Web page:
But nothing equals Norwich’s treatment of Pope Paul II, which takes anti-papal propaganda to new heights. He writes:
The pope’s sexual proclivities aroused a good deal of speculation. He seems to have had two weaknesses—for good-looking young men and for melons—though the contemporary rumor that he enjoyed watching the former being tortured while he gorged himself on the later is surely unlikely. The stroke that killed him on July 26, 1471, at the age of only fifty-four is said to have been brought on by a surfeit of both.
This is scurrilous. As both Mandell Creighton and Ludwig von Pastor show, in their classic histories of the papacy, there is no evidence that Paul II was a bad man, much less that he was an immoral glutton. Claims that he was began with Paul’s secular-minded opponents, whom he opposed because of their exaltation of paganism over Christian teaching. One of them, Bartolomeo Platina, enacted revenge against Paul II by writing a malicious and largely fictitious biography of him, much like modern ideologues have tried to defame Pius XII. But just as the latter have been exposed, so too has Platina. Von Pastor, the first historian granted access to the Vatican’s secret archives, published almost 200 pages vindicating Paul II, while unearthing primary evidence revealing that Platina, in stark contrast, was a “violent and immoral man.”
Leave it to Norwich to confuse villainy with virtue.
To defend Paul II is not to make excuses for those popes guilty as charged. That the papacy has had certain unworthy occupants is no secret, least of all to Catholics. But it is exactly in analyzing the bad popes where Absolute Monarchs fails. Commenting on the state of the Church at the beginning of the Reformation, Norwich relates that reverence for the papacy “had been utterly lost in the hearts of men.” In the hearts of Protestant reformers, no doubt, but not the Catholic ones. The latter knew the force of Protestantism’s critique, and in fact agreed with it in part—but always maintained that the papal office, as such, apart from abuse, was essential to the Church, and that no true reform was possible without it. History has proven them correct.
As the centuries have passed, Catholics and Evangelicals have come much closer together. Mutual accusations have given way to ecumenical reconciliation, and one of the chief reasons why has been the papacy—ironically, the same institution which once so divided Christendom. Even with remaining disagreements, Evangelicals have expressed increasing respect and appreciation for the papal office. Hermann Pottmeyer, a leading Catholic theologian and ecumenicist, has written: “Whenever the Petrine ministry has been exercised according to Christ’s will and example, it has proved a blessing for the church, protecting its unity and defending its independence. This is confirmed by the experience of Christians who lack this office. They themselves regret that they have no one charged with preserving unity.”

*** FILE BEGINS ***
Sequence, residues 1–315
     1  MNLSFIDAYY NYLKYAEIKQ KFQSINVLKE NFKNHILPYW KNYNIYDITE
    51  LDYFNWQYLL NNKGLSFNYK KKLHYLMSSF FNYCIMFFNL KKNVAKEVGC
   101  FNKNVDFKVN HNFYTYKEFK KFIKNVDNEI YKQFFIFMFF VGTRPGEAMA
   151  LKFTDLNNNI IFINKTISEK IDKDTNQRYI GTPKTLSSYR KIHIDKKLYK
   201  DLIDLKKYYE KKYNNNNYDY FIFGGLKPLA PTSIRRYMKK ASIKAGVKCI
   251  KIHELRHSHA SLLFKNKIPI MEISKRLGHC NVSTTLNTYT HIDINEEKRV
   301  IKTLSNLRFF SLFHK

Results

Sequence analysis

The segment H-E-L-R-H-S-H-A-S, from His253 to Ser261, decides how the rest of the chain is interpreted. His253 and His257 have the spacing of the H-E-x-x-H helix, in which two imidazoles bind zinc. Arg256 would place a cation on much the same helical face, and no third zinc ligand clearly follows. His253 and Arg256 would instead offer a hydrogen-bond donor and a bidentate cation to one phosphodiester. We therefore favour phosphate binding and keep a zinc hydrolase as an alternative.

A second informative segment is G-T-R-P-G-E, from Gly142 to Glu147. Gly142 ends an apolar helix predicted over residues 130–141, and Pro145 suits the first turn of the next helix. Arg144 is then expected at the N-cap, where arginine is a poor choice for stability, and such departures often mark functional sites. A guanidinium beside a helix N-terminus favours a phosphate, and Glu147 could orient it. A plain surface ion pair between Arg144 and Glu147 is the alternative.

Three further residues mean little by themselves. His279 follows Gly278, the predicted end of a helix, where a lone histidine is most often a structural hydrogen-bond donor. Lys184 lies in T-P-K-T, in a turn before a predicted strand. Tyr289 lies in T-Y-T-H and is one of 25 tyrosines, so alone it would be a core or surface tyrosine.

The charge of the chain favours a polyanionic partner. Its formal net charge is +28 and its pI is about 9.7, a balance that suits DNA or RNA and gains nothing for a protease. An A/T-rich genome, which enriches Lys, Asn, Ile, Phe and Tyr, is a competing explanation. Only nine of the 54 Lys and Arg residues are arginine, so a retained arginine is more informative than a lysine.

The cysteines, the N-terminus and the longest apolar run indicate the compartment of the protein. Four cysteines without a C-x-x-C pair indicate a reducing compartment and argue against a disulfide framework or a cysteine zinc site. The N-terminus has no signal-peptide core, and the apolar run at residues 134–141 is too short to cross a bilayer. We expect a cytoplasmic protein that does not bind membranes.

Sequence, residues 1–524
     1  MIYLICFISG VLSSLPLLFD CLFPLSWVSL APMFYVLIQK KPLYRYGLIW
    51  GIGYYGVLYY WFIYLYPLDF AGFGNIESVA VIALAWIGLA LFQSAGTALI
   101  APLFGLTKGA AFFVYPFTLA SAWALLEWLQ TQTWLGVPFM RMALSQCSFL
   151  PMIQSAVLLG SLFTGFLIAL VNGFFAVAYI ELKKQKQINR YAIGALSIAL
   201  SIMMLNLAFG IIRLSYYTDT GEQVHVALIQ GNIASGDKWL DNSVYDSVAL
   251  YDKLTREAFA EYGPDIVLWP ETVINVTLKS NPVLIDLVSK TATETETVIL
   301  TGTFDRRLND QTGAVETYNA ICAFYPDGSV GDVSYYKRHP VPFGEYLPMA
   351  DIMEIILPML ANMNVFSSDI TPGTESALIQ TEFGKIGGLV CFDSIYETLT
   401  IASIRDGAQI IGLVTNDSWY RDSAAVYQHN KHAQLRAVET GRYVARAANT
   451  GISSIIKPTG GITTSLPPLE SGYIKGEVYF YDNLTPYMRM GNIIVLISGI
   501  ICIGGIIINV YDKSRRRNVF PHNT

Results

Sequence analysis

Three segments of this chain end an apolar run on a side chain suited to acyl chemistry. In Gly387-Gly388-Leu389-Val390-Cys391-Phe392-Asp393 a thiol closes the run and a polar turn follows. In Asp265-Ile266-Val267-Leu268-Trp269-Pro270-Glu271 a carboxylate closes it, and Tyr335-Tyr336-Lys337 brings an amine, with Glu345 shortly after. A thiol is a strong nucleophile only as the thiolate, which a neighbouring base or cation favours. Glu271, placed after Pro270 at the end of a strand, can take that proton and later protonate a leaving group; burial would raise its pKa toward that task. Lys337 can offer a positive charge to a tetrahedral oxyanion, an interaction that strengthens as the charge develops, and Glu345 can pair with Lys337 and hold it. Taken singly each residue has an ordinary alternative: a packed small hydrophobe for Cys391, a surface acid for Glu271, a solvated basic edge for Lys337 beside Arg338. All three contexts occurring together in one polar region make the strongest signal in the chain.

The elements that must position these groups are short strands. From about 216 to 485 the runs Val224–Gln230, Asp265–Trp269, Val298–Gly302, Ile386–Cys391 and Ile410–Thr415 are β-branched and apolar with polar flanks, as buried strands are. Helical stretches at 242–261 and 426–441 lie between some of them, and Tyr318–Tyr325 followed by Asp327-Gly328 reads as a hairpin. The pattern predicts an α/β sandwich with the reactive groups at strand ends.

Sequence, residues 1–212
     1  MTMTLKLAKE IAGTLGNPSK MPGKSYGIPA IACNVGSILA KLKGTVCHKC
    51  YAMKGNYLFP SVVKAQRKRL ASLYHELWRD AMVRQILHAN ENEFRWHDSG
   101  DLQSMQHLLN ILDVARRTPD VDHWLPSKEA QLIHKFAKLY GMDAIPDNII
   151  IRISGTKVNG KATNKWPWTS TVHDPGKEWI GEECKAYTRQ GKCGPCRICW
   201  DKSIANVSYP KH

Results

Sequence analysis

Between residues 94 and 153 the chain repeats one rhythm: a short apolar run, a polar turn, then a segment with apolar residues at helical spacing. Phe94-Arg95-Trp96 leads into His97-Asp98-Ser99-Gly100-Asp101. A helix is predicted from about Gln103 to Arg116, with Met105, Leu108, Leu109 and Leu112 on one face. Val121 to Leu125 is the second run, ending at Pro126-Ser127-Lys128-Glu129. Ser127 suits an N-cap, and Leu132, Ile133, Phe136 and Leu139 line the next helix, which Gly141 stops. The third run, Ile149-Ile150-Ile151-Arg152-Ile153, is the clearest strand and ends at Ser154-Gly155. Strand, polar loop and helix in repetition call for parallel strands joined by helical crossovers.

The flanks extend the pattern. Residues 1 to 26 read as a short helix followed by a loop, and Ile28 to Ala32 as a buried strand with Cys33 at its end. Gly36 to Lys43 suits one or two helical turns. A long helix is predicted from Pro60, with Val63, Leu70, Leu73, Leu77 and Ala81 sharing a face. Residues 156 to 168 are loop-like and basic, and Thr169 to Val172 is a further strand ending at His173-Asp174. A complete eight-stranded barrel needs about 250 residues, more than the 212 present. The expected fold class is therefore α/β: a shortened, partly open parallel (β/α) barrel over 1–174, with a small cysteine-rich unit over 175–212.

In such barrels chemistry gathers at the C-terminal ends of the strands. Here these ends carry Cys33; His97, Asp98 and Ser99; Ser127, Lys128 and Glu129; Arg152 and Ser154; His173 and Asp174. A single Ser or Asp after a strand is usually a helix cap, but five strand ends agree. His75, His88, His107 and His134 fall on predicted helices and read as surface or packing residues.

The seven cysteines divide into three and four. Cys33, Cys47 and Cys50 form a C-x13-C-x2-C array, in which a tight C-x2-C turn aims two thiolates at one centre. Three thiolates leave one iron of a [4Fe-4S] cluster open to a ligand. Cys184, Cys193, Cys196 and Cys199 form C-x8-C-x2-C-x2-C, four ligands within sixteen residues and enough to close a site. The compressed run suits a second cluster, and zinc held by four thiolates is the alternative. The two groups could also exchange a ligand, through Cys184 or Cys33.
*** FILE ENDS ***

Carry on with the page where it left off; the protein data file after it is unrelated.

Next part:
Nowhere in Absolute Monarchs do we get any sense of this, or how the papacy made it possible. Norwich informs us that he is an “agnostic Protestant” who has “absolutely no ax to grind,” but the former should not have prevented him from writing a more credible book, and the latter is contradicted by almost every page of this one.
One doesn’t have to be a Catholic, or even religious, to write intelligently about the popes, but one does need to be careful about one’s facts, and respect the vision that faith brings. It is precisely these qualities which Norwich lacks.
William Doino Jr. is a contributor to Inside the Vatican magazine, among many other publications, and writes often about religion, history and politics. He contributed an extensive bibliography of works on Pius XII to The Pius War: Responses to the Critics of Pius XII.
The Oxford Dictionary of Popes by J.N.D. Kelly and Michael Walsh
A History of the Popes—with the Religion Left Out by Eamon Duffy, Times Literary Supplement, April 27, 2011
The Petrine Ministry in a Changing Church by Hermann J. Pottmeyer
The Primacy of the Successor of Peter in the Mystery of the Church, by the Congregation for the Doctrine of the Faith
Church Unity and the Papal Office: An Ecumenical Dialogue on John Paul II’s Encyclical Ut Unum Sint, edited by Carl E. Braaten and Robert W. Jenson